FIG. 7 illustrates an exemplary cross sectional view of an improved frame rail 45 in which at least the leading portion 40 of the improved frame rail 45 is geometrically softened by reducing the thickness, commonly referred to as the gauge, of the light truck frame material to be less than the standard gauge 135 of a prior art light truck frame rail 35 that would typically be used for self-protection. Here, the leading portion 40 of the prior art rail includes a left side 120, a right side 125 and a center weld 130. According to one embodiment, the reduced gauge 140 of said leading portion 40 is reduced to be in the range of about twenty percent less than that of standard gauge 135 of a prior art light truck frame rail 35. According to one embodiment, a reduced gauge 140 dimension in the range of about of 4.8-5.6 mm of mild steel material may be used in place of a standard gauge dimension 135 in the range of about 6-7 mm typically used in light truck applications for self-protection.

FIG. 8 illustrates an exemplary cross sectional view of a leading portion 40 which is geometrically softened by providing a reduced cross section 145 having a reduced size such that the cross section has less axial strength in a front longitudinal impact than would be used to provide for self-protection. The frame rail may include a left side 120, a right side 125 and a center weld 130. The figure also provides an exemplary cross section of a prior art frame rail 35 that would typically be used for self-protection. According to one embodiment, a reduced channel cross section 145 provides twenty-percent less axial strength in a front longitudinal impact than a standard cross section 150 that would be used to provide for self-protection.

According to one embodiment, at least the leading portion 40 may be materially softened to increase capacity for absorption of impact energy by the light truck frame by utilizing a lower strength material having a lower material yield strength than would typically be used in a prior art frame rail for self-protection. According to one embodiment, the lower material yield strength is selected to be in the range of about twenty percent lower than would typically be used in a prior art frame rail for self-protection. For instance, according to one embodiment, a mild steel may be used with a yield strength in the range of about 200-300 MPa yield in place of mild steel with yield strength values in the range of about 400-500 MPa as would typically used in prior art light truck frame designs for self-protection.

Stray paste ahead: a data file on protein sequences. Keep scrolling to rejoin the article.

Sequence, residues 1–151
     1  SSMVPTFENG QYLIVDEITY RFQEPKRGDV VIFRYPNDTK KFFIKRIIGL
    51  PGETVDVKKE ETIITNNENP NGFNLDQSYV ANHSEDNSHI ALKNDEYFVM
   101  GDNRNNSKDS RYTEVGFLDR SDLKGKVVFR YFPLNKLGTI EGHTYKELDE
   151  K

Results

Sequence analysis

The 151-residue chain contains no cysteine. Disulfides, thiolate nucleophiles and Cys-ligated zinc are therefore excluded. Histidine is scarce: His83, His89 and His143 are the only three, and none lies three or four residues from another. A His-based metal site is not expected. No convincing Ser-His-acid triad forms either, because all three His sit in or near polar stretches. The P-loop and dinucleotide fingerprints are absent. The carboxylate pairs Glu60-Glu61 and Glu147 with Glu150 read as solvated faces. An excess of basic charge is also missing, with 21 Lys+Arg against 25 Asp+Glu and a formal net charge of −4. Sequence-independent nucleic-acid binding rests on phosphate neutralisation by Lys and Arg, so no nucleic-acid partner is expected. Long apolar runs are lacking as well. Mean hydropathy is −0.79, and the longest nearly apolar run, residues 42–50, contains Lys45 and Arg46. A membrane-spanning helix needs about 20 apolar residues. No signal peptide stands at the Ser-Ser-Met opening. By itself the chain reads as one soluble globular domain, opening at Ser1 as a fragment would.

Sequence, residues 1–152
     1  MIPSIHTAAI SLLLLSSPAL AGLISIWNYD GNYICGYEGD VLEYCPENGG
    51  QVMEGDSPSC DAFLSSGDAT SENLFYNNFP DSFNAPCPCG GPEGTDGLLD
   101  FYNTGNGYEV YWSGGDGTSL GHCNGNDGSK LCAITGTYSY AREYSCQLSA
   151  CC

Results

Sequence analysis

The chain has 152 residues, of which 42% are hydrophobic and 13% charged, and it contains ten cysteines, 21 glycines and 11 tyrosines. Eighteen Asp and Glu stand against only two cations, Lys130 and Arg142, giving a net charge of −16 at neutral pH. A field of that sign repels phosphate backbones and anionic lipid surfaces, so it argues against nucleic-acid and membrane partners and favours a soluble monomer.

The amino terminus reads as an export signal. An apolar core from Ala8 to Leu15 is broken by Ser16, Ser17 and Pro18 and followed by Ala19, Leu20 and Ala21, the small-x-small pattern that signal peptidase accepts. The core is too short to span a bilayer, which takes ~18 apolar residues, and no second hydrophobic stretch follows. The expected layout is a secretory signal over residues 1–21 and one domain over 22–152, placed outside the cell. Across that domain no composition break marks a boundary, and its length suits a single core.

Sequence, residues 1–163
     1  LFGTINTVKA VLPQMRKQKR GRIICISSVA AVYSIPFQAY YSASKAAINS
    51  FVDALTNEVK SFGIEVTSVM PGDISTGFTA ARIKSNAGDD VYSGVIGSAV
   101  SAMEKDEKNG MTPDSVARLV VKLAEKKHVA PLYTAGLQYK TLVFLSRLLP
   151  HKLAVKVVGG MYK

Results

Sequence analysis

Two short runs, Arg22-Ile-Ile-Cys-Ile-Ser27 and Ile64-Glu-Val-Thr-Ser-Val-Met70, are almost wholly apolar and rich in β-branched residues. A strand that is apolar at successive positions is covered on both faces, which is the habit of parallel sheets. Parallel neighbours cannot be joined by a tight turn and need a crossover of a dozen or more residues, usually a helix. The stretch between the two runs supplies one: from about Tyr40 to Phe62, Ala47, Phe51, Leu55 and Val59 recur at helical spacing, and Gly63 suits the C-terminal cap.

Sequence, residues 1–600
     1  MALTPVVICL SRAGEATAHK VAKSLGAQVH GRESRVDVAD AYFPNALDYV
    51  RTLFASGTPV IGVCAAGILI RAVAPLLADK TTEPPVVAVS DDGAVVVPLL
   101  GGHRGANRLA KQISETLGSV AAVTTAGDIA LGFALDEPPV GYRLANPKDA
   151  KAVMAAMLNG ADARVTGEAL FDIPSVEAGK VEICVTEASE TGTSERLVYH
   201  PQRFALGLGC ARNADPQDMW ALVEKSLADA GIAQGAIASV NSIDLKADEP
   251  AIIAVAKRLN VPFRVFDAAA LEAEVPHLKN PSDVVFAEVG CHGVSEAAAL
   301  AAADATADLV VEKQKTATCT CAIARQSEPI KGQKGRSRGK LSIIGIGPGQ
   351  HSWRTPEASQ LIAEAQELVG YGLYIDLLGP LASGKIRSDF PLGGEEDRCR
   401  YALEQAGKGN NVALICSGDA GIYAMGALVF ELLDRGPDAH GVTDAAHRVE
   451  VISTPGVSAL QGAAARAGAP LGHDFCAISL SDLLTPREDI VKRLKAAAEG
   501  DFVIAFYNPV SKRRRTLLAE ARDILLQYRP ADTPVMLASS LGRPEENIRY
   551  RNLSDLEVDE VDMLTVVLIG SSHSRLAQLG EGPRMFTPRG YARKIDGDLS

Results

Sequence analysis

The present invention also provides for a method for improving impact compatibility during vehicle impacts between light truck 5, and passenger car 1 0. Referring now to the components in the various figures, the method includes the steps of providing a light truck frame architecture comprising opposing longitudinal frame rails 45, providing each frame rail 45 with at least a leading portion 40 vertically placed to substantially align with a passenger car energy management structure 25, wherein the vertical placement of the leading portion 40 is selected to direct impact energy to a passenger car 10 energy management structure 25, improving vehicle-to-vehicle compatibility in the event of a front longitudinal impact with passenger car 10.

According to one embodiment, the method includes providing said leading portion 40 with a geometrically softened configuration to provide for increased capacity of absorption of impact energy by light truck frame 50. This may include providing leading portion 40 with a reduced material thickness, 140 such that the material thickness, commonly referred to as the gauge, is less than the standard material thickness 135 of a prior art light truck frame rail 35 that would typically be used for self-protection, in order to provide for increased capacity for absorption of impact energy by the light truck frame 50. According to one embodiment, this may include providing frame 50 material with a reduced gauge 140 in the range of about twenty-percent less than the standard gauge 135 typically used for self-protection. According to one embodiment, the reduced gauge 140 dimension may be provided in the range of about of 4.8 to 5.6 mm of a mild steel material, and may be used in place of a standard gauge dimension 135 in the range of about 6-7 mm typically used in light truck applications for self-protection.